Why I did not upgrade to Windows 10

especial_windows_10_button-664x374

I am so happy to see those nag messages disappear from my computer, you know the ones reminding you that your period of time to upgrade to Windows 10 will expire on July 31?   Now that we are in August one less thing popping up that bothers me.

The question being do I upgrade or not?  And friends and family who look to me for advice on such issues want to know what I am doing and why.  Intuitively I felt that upgrading was unwise likely do to past experiences with O/S upgrades and backward compatibility of existing hardware and external devices.

Coolpix 995

For example, I own an older Nikon digital camera, Coolpix 995, which is a newer version of my first digital camera, a Coolpix 990.  Getting software that works for this camera for versions of Windows newer than XP has currently been a challenge.  Driver’s are not available for Windows Vista, 7 and definitely not for Window’s 10.  So such is likely for any devices I currently own.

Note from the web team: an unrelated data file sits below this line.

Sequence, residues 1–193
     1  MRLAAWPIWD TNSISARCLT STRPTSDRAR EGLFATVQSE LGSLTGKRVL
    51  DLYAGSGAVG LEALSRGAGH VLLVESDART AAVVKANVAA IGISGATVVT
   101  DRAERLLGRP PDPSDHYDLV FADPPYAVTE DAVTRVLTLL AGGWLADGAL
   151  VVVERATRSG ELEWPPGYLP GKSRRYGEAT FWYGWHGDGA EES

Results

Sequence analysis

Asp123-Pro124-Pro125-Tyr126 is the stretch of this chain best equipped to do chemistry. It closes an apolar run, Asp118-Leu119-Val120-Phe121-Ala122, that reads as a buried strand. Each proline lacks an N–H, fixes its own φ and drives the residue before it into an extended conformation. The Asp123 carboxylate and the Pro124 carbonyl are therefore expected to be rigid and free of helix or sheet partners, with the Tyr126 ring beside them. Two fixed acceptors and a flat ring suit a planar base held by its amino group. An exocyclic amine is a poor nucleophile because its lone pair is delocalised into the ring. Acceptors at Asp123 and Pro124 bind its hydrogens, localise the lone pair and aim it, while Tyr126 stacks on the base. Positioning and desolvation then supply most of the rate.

Also, I like to buy used equipment at bargain prices.  I have learned through my own experience that electronic equipment has a short shelf life and prices drop quickly as newer versions of equipment enter the market.  By creating obsolescence in software, hardware becomes prematurely unusable due to compatibility issues.  When this occurs the current solution is usually to discard the item and buy a new replacement.

HP8530W_Elitebook

Another thing besides compatibility and premature obsolescence is extra work and other unknown issues which will inevitably arise from the upgrade.  I have an ‘Elitebook’ HP 8530 W laptop computer with Window’s 7 for my business and personal use, which I purchased for a bargain on Ebay.  I have spent a lot of time setting it up to work properly, I have no need to upgrade the software.

Let someone else figure it all out, then maybe in a couple of years I will buy a more powerful model at a lower price with Windows 10 or the current version already installed.   So I did not upgrade, and I am okay with that.

 

 

 

Advertisements

Facebook Traffic and Influence Jumps on Mobile Devices

Thanks to its efforts to slash ‘dark social’ links, Facebook’s measurable influence, especially on mobile, has skyrocketed.

Source: venturebeat.com

>”We all know Facebook is huge, and drives incredible amounts of traffic. But thanks to its recent efforts to uncloak the sources of content with no known referrer, we now know that the numbers are bigger than anyone believed.